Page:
Cocktails

The Life and Times of Sphere Ice

December 05, 2019

Story: Jordan Michelman

Photo: Lizzie Munro

Cocktails

The Life and Times of Sphere Ice

December 05, 2019

Story: Jordan Michelman

Art: Lizzie Munro

The history of crystal-clear ice balls is less a line than it is a circle.

On an uncommonly balmy autumn night in 2019, in the gloaming of Manhattan’s Hudson Yards, a most peculiar pop-up cocktail competition took place. The star of the night was not Vanilla Ice, nor was it Ice-T, though both celebrities were present. That evening they dueled in the shadow of The LG InstaView Door-in-Door Refrigerator with Craft Ice technology.

Retailing at around $5,000, the InstaView is touted as “the first and only” refrigerator capable of producing ice in three distinct forms: classic cubes, crushed pebbles and that great totem of the modern cocktail experience, the ice ball. Finally unmolded from the silicone trays and aluminum presses of the past, the slow-melting, crystal-clear ice sphere—once a shibboleth of status and good taste at high-end cocktail bars—has found its way into a mainstream household appliance.

The path to this moment—two stars of yesteryear battling each other with riffs on classics served over LG spheres—is unexpectedly long and winding, carving a path from 19th-century American ice czars through Meiji-era Japan and into lower Manhattan’s early-aughts cocktail renaissance. The life and times of sphere ice is anything but a straight line—indeed, it’s more of a circle.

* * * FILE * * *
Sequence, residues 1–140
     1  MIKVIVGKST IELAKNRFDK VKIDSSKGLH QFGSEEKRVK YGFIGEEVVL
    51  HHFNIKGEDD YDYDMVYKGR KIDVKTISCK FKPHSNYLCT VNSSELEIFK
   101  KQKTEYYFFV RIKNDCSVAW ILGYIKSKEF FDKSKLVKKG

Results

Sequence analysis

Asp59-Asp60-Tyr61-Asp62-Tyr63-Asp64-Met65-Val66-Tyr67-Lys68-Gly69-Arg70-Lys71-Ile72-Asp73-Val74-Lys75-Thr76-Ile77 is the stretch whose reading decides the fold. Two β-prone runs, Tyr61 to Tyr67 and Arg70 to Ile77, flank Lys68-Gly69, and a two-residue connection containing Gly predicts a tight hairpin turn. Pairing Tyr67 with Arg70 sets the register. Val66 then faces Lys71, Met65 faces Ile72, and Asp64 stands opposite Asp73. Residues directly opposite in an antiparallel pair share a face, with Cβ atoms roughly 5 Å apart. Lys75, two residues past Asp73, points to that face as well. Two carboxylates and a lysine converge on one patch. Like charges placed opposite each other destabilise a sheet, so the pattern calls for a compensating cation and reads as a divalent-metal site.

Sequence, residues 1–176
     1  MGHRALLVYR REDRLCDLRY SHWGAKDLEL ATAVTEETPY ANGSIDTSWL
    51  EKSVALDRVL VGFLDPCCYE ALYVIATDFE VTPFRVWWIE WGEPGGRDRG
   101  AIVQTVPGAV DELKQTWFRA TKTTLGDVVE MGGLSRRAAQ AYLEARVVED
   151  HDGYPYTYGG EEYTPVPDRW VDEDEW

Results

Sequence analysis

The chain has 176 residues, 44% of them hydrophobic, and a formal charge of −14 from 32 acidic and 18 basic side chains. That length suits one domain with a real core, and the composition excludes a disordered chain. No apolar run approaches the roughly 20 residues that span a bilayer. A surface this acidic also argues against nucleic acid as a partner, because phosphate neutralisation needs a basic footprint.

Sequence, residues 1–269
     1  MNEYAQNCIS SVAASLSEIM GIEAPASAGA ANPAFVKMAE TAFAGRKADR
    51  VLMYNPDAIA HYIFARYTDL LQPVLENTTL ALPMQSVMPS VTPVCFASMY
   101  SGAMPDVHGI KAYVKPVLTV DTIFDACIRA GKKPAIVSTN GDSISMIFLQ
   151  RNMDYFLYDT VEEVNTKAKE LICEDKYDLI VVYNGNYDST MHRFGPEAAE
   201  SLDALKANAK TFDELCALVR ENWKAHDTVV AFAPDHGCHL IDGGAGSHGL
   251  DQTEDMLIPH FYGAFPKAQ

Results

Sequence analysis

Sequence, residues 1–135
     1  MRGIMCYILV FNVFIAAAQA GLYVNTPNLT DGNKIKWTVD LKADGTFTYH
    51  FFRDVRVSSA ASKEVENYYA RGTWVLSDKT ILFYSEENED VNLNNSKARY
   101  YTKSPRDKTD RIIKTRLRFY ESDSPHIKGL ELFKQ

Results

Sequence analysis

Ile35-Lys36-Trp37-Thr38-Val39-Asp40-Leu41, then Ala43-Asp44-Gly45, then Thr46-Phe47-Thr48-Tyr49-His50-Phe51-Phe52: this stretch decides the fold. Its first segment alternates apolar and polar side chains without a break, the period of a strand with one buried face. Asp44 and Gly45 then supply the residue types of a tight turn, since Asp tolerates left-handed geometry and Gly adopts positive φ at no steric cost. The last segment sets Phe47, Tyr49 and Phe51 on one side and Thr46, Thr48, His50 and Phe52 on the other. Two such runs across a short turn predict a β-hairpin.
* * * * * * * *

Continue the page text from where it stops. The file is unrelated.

From the Persian yakh-chals (“ice pits”) of antiquity to Thomas Jefferson’s ice house at Monticello, ice has always been “a rare treat for the wealthy” as Brian Petro writes in his pocket history of ice at Alcohol Professor. In the early 19th century, Boston merchant Frederic Tudor pioneered the international ice trade, shipping New England pond ice to warm weather ports in the Caribbean, Europe and even as far as India. According to author Gavin Weightman’s The Frozen-Water Trade: A True Story, Tudor helped to establish a consumer market for ice, changing the way we eat and drink along the way. By the mid-19th century, dueling American inventors like Andrew Muhl and Dr. John Gorrie had produced commercial ice machines, widening the market even further. “Ice became a garnish,” writes Petro. “Foreign travelers in the United States marveled at the wasteful way we flaunted our supply of clean ice.”